"The interest at stake arises from pictures of flagrantly improper conduct by American soldiers - forcing prisoners under their charge to pose in a manner that compromised their humanity and dignity ... . Publication of the photographs is central to the purposes of FOIA because they initiate debate, not only about the improper and unlawful conduct of American Soldiers, 'rogue' soldiers, as they have been characterized, but also about other important questions as well - for example, the command structure that failed to exercise discipline over the troops, and the persons in that command structure whose failures in exercising supervision may make them culpable along with the soldiers who were court-martialed for perpetrating the wrongs; the poor training that did not create patterns of proper behavior and that failed to teach or distinguish between conduct that was proper and improper; the regulations and orders that governed the conduct of military forces engaged in guarding prisoners; the treatment of prisoners in other areas and places of detention.

The rest of this article is only available to active members of Questia

Sign up now for a free, 1-day trial and receive full access to:

  • Questia's entire collection
  • Automatic bibliography creation
  • More helpful research tools like notes, citations, and highlights
  • Ad-free environment

Already a member? Log in now.

Notes for this article

Add a new note
If you are trying to select text to create highlights or citations, remember that you must now click or tap on the first word, and then click or tap on the last word.
Loading One moment ...
Project items
Cite this article

Cited article

Citations are available only to our active members.
Sign up now to cite pages or passages in MLA, APA and Chicago citation styles.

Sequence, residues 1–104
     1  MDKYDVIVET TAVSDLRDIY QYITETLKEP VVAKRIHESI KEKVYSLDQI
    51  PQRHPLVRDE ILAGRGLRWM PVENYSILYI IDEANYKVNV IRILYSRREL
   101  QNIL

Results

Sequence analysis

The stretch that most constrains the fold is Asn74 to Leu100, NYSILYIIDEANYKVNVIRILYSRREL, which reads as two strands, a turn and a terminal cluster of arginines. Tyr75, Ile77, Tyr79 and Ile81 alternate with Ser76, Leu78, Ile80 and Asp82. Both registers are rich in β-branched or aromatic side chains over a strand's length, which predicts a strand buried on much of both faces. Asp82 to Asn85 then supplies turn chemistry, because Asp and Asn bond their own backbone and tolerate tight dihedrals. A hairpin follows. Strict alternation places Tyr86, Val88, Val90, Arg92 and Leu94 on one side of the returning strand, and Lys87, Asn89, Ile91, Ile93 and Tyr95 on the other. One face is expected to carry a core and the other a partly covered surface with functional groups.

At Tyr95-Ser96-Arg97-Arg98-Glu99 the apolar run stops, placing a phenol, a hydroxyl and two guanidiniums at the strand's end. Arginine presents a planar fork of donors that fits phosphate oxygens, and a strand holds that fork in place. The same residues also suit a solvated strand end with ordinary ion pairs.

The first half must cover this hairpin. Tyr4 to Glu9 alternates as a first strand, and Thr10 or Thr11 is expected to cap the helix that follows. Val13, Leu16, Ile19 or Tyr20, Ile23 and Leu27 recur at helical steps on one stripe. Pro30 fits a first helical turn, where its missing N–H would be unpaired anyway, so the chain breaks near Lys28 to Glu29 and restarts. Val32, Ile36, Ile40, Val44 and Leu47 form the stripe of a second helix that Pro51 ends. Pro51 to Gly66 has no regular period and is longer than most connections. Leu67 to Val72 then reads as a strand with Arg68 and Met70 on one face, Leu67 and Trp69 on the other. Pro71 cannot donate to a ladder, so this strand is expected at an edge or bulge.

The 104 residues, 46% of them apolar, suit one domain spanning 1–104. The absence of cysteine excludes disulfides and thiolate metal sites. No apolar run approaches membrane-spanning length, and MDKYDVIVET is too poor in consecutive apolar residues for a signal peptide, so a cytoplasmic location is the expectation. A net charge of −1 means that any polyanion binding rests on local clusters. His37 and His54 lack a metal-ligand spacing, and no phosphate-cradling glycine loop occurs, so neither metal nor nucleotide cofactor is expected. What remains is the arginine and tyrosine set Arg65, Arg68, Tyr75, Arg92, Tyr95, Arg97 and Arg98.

Cited article

Delicious Rulings from the Big Apple


Text size Smaller Larger
Search within

Search within this article

Look up

Look up a word

  • Dictionary
  • Thesaurus
Please submit a word or phrase above.
Print this page

Print this page

Why can't I print more than one page at a time?

While we understand printed pages are helpful to our users, this limitation is necessary to help protect our publishers' copyrighted material and prevent its unlawful distribution. We are sorry for any inconvenience.
Full screen

matching results for page

Cited passage

Citations are available only to our active members.
Sign up now to cite pages or passages in MLA, APA and Chicago citation styles.

Cited passage

Welcome to the new Questia Reader

The Questia Reader has been updated to provide you with an even better online reading experience.  It is now 100% Responsive, which means you can read our books and articles on any sized device you wish.  All of your favorite tools like notes, highlights, and citations are still here, but the way you select text has been updated to be easier to use, especially on touchscreen devices.  Here's how:

1. Click or tap the first word you want to select.
2. Click or tap the last word you want to select.

OK, got it!

Thanks for trying Questia!

Please continue trying out our research tools, but please note, full functionality is available only to our active members.

Your work will be lost once you leave this Web page.

For full access in an ad-free environment, sign up now for a FREE, 1-day trial.

Already a member? Log in now.

Are you sure you want to delete this highlight?